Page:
Nominated for a Grammy in 2000 for her powerful blues CD, the legendary Odetta has returned to the studio to create Lookin¹ For A Home (Thanks To Leadbelly), a tribute to the great Leadbelly. This new release was anticipated anxiously by lovers of folk, blues and American roots music and the loyal following that Odetta has amassed over her more than fifty-year career. Special guests Clarence 'Gatemouth' Brown, Henry Butler & Kim Wilson (The Fabulous Thunderbirds) come together with guitarist Jimmy Vivino and bassist Mike Merrit (Conan O'Brien) to give Odetta the full band sound that made her last album a sensation.
Odetta is one of the most influential artists of the 20th Century. So many artists are indebted to her pioneering ways. Before Odetta, no solo woman performer (let alone an African American woman!) had sung blues, folk, work and protest songs. So much can be said about this incredible artist: she took part in the march on Selma; she sang for the masses at the 1963 March on Washington; she played for President Kennedy and his cabinet on the nationally televised Civil Rights program "Dinner with the President"; she was awarded the Presidential Medal of Arts in 1999; her first studio album (1958) inspired Bob Dylan to trade in his electric guitar and amp for a flat top Gibson acoustic guitar; she's acted in films and theater; her last album, called "Blues Everywhere I Go" (her 27th, and first in 14 years) was nominated for a Grammy in 2000.
Odetta is now 71 years old, and her voice is as strong and impressive as ever. The new album is comprised of songs either written or made famous by Leadbelly. It's been a long time coming, as Odetta, often called the "female Leadbelly," has been performing and recording his songs for years.
Lookin' For A Home was released on August 28, 2001.
Born in Birmingham, Alabama in 1930, and raised and schooled in Los Angeles since the age of six, Odetta began serious studies of classical music and voice at the age of thirteen, and as a teenager she appeared at the Turnabout Theatre in Hollywood. She dreamed of being a classical singer, however she was aware that even the great Marian Anderson couldn't break through the segregationist barriers of the major opera companies. So, at eighteen, Odetta joined the chorus of the road company tour of "Finian's Rainbow," and while in San Francisco, became exposed to folk music, learned to play the guitar, and soon began appearing at that cities popular folk clubs. Word quickly spread like wildfire across teh country, of this powerful black woman singing Negro folk songs, wcho could shake the rafters with her voice, touch your soul with her words and move you with he rdramatic presence. And she began to tour beyond the West Coast, to record and to gain support from influential artists. Upon her arrival in Chicago for the first time, as her taxi pulled up at the Gate of Horn, Josh White and Big Bill Broonzy were waiting outside the club to show her their big-brotherly support while she was in Chicago..... "welcoming their little sister to the big city," she would fondly recall. And upon arriving in New York the first time, for her engagement at the Tin Angel, Pete Seeger and Harry Belafonte repeatedly came to her shows, and actively brought influential people with them who were instrumental in assisting and furthering her career. She was soon breaking ground for a black female artist in America.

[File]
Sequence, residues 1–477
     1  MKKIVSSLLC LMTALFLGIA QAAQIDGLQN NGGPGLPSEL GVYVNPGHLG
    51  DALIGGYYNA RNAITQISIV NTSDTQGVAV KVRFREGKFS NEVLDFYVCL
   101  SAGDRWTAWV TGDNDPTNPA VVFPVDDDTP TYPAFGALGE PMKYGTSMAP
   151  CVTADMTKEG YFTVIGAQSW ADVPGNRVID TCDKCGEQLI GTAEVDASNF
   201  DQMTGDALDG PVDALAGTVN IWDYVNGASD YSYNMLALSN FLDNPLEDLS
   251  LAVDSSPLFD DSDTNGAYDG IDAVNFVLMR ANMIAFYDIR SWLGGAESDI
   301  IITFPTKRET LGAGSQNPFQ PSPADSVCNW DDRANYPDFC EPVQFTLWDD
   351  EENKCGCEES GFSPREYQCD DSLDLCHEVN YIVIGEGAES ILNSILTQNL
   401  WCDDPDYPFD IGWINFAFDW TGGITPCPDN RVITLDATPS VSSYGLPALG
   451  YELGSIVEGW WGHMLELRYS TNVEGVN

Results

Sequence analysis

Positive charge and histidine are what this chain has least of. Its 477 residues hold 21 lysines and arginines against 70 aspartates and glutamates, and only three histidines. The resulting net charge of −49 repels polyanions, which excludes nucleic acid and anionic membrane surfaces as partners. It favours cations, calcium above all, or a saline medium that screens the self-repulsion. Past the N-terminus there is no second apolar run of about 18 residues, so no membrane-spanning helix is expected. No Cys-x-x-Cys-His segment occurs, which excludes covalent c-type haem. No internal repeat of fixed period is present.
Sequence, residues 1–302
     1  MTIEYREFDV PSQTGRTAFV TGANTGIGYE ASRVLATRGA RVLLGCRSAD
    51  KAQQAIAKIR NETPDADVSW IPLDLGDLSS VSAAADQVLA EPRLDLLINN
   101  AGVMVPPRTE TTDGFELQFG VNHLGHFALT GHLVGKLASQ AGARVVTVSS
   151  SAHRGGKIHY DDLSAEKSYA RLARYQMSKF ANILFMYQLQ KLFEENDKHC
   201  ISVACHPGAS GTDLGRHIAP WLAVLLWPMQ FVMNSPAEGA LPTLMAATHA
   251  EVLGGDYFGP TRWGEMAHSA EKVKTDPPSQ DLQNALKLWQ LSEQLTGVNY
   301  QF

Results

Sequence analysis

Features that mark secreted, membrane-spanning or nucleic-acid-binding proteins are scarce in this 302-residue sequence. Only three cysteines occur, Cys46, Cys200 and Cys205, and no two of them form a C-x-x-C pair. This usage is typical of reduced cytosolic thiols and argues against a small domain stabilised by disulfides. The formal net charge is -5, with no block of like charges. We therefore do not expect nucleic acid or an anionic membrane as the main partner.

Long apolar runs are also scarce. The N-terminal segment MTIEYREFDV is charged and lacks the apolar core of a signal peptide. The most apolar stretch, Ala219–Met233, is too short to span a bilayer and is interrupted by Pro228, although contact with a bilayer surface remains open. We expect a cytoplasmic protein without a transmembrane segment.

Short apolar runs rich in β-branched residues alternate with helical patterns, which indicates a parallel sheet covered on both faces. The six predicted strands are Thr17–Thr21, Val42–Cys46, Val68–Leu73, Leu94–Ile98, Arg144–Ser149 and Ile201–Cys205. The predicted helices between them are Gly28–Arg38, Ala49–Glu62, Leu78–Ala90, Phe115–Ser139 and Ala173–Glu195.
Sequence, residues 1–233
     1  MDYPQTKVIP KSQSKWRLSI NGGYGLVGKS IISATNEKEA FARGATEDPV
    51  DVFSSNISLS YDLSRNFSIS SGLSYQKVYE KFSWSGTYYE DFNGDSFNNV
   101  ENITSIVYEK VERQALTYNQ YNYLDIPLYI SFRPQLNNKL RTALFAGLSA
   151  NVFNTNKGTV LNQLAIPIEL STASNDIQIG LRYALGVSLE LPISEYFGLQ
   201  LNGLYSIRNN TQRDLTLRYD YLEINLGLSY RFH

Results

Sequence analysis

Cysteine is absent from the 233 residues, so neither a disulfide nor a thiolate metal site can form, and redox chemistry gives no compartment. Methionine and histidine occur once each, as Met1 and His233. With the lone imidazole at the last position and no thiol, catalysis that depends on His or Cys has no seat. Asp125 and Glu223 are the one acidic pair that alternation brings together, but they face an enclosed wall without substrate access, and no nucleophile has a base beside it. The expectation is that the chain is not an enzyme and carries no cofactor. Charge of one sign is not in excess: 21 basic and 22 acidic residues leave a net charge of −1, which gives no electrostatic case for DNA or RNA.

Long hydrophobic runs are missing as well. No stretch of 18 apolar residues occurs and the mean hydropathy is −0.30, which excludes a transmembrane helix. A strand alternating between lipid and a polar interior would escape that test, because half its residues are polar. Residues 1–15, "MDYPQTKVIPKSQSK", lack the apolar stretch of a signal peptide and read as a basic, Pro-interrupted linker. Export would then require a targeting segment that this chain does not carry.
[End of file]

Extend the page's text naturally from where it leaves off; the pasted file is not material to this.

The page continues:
Odetta explored expanding fields of song, and showed a great depth of feeling whether she sang Negro work songs, the blues, jazz, spirituals, white Appalachian songs or English folk songs--always masterfully accompanied by her own unique guitar style. Her exploration left her with a deep passion for American folk music--determining that it is an "unique music form, because it is derived from a combination of different peoples. It came from almost every continent and country-from all those who immigrated to America, because everyone came here from somewhere else with his own music... American folk music became a unique blend of all people's music." Much of her research and her eventual repertoire came from The Archives of Folk Music at The Library of Congress-an institution which will remain dear to her for the remainder of her career. . . . "I'm an interpreter of folk music which encompasses more than folk songs handed down from the generations. It includes work songs, game songs, children's songs, gospel and blues... songs from people who had to entertain themselves outside of their daily work and songs for people and their emotional needs," she has say.
And in the 1950’s, she recorded ground-breaking albums on Riverside, Tradition, Fantasy and Vanguard Records, brought the houses down at the Newport Festival and at her triumphant Carnegie Hall concerts, appeared on national TV Specials, toured the world's greatest stages, and she became the first major influence on the future careers of Joan Baez, Bob Dylan and Janis Joplin. Dylan was quoted, "I learned all the songs on that record, it was her first, and the songs were "Mule Skinner," "Jack of Diamonds," "Water Boy," "Buked and Scorned."
The 1960s witnessed Odetta as a major voice in America's Civil Rights Movement. She marched with Dr. King in Selma, sang for the masses at the 1963 March on Washington, and performed for President John F. Kennedy and his cabinet on the nationally televised Special Civil Rights Program, "Dinner With The President."